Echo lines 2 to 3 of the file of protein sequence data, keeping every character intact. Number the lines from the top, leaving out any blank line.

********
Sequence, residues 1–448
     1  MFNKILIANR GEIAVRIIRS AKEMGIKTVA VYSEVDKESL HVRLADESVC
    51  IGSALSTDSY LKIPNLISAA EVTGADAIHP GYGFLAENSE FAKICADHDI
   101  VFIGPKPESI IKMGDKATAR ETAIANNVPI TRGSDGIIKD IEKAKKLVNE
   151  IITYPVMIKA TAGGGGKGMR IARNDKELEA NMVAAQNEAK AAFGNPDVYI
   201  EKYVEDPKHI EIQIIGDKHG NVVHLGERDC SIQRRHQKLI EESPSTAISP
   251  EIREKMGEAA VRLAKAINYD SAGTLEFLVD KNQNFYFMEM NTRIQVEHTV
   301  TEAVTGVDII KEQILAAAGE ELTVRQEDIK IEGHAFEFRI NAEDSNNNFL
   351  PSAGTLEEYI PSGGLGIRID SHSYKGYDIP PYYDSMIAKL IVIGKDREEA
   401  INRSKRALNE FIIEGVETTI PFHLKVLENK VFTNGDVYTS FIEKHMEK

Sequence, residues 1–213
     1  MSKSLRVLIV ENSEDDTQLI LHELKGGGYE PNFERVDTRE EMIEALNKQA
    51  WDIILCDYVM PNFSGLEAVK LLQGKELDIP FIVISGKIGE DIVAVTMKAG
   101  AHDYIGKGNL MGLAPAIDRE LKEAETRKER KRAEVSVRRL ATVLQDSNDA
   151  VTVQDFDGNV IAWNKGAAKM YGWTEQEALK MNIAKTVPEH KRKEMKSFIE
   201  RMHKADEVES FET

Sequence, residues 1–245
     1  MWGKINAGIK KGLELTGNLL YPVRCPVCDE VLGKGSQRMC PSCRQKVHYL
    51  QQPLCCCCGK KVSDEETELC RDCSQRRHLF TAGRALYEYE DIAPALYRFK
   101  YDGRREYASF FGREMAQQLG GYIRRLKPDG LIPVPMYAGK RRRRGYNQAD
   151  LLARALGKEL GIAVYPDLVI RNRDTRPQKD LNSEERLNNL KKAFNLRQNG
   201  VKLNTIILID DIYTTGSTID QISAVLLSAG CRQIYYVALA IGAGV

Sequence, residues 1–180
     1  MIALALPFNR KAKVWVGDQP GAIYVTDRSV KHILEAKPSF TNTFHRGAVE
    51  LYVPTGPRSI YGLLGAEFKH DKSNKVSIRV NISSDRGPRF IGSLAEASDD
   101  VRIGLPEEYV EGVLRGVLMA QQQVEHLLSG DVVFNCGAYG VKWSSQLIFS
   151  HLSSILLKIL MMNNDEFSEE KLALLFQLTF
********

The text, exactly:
     1  MFNKILIANR GEIAVRIIRS AKEMGIKTVA VYSEVDKESL HVRLADESVC
    51  IGSALSTDSY LKIPNLISAA EVTGADAIHP GYGFLAENSE FAKICADHDI